The view from the gilded throne

Maybe I should get out more.

I have been incarcerated now, well with a few exceptions, since coming out of hospital in November.

House arrest they call it in some countries. It used to sound quite pleasant to me.

House arrest – with all your home comforts and no need to rush out to catch your train. The trouble was always the policemen outside your door. Can you talk on the phone? Chat on the internet? Not without people listening in I suspect.

Any way, it doesn’t sound so easy to me now.

I have had to be “watched” in case I show any more symptoms of having brain seizures or, I assume, in case I collapse with another brain haemorrhage.

Less fun for the watchers than it is for me, definitely, but it is still a wearisome process.

Why am I scratching my head? Is it a symptom? Why have I gone quiet? Why am I fidgeting? Why did I forget the name of the President of Sierra Leone? Why have I not climbed up the wall?

I have to be “careful” – that old phrase. Well, if I am careful for the next three months then I could recover completely, or completely enough. I guess it is worth it.
It could take up to two years. Well, if I don’t climb up that wall, that would be worth it too.

So I went out yesterday…just for sanity’s sake.

Out into town.

Such a big deal, you think.

It was a sunny day, the sap was rising – not just in the plants either.

There is a restaurant on the High Street that sells excellent coffee. At the back you can have lunch, dinner, breakfast even, in formal surroundings. At the front, by the window, are a scattering of miscellaneous chairs and tables – miscellaneous for miscellaneous purposes, miscellaneous people.

It is where I like to go.

It is run by a married couple. He is the invisible one, in the kitchen at the back in a steamy male world preparing the food with his trendy young assistants, shaven heads and piercings, all dressed in white, looking like they are having one very long engaging conversation but probably talking about fillets of halibut or whiskey porridge.

Out front is a different world.

The wife, Polish, I think, or possibly from somewhere in Eastern Europe, is queen of all she surveys. Impossibly thin-waisted, attractive,in a crisp, menthol-flavoured way, immaculately smart with her blonde hair tightly “up,” she is efficiency personified.

Her team, all female, all young, all beautiful, all sharing exotic European accents, but less buttoned up than their boss, perhaps. They must have been chosen for their looks – or maybe they are all relations from the same talented gene pool.

They are reason enough to visit this energetic and enthusiastically run establishment where the customer can linger, be pampered and indulged even if he is only ordering a black coffee.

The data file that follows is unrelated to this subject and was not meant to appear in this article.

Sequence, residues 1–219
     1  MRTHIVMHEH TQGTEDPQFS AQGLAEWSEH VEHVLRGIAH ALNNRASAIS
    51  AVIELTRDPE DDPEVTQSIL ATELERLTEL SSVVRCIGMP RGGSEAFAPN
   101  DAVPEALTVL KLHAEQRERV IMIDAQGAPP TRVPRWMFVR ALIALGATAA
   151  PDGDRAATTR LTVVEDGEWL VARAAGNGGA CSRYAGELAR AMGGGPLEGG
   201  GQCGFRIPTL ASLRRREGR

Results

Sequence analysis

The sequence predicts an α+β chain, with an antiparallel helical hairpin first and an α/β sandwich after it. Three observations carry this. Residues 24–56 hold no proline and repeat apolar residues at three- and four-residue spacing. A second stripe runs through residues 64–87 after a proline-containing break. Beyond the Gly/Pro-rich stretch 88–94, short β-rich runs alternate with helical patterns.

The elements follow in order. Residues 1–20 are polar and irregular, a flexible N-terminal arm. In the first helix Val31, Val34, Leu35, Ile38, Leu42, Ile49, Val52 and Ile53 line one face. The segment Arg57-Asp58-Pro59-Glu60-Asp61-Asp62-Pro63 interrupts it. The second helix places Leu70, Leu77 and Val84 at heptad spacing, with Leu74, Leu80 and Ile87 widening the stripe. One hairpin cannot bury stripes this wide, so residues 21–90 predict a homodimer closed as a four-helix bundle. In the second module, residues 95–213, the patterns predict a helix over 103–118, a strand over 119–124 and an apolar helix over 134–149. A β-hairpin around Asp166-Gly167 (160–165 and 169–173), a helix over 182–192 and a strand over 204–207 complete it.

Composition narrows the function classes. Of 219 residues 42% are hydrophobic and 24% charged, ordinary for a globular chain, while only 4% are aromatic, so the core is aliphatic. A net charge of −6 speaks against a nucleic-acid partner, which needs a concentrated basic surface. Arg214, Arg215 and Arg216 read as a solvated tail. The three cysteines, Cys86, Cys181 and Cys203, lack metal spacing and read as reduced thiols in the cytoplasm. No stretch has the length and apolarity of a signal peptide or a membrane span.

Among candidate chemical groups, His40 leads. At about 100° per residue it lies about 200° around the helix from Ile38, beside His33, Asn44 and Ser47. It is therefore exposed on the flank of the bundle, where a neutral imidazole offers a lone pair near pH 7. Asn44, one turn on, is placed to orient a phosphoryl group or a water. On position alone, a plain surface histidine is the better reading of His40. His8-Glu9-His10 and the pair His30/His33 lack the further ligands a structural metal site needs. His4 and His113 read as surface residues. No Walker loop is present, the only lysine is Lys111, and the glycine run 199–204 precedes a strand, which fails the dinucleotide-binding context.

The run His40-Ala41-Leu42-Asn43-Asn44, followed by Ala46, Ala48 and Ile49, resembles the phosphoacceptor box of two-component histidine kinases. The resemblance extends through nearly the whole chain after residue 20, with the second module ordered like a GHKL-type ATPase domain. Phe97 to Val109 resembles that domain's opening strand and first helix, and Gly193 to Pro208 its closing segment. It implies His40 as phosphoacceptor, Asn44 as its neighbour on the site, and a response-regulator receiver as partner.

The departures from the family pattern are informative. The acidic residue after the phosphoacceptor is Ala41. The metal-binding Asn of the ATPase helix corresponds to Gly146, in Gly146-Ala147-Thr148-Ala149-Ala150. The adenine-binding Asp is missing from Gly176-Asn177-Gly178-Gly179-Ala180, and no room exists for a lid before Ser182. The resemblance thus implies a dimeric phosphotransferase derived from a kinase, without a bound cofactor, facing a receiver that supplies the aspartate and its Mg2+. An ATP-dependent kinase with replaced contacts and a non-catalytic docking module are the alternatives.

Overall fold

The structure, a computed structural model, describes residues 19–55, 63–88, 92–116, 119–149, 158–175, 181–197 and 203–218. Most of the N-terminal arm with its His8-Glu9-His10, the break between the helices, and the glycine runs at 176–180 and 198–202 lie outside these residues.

There is a table in the window with two gilded chairs.

Seated there, it is possible to watch the whole population of this small market town walking by.

It is Saturday morning, gradually turning into afternoon, several coffees later, I have seen them all.

Our town, dressed up, self-checked in the mirror, and out shopping.

A woman, in her seventies, grey hair, tightly pinned up, black coat, well you can’t be too careful in February, long bright purple scarf – is it a pashmena? – flowing out behind her, black court shoes and – why, did you do it madam? – matching purple tights….burning my retina. Her husband, not wanting to be seen as the matching consort,no doubt, has chosen a bright red turtle neck jumper under his black suit. Where are they going? To Hell?

Another couple, I hope they aren’t going to the same party as the couple in purple and crimson. They too are in their seventies. Oh no, they are coming in.

She has had a her “done,” she was beautiful, or pert, in the 1950s, if the look worked then well, why change it?

Blonde, like Munroe, a long bright pink coat and Baby Jane face-make-up. They sit down, near my throne. Off comes the coat, yes, of course, pink and purple stripes, what else? Her husband, partial to the hair dryer, no doubt, has silver fox hair lying perfectly in position. Off comes his grey overcoat and underneath, yes, you guessed, a powder pink jumper. Who dressed him this morning? I wonder.

A very old lady leaves with the aid of a silver zimmer frame and a caring but plain middle-aged daughter in black. The old lady, is all silver. Hair, coat, shoes and shiny, silken handbag. Her old lady hands, grip the frame but carefully show the world her diamond bedecked fingers. Best of all, she is smiling, to me, to everyone, she is on a state visit.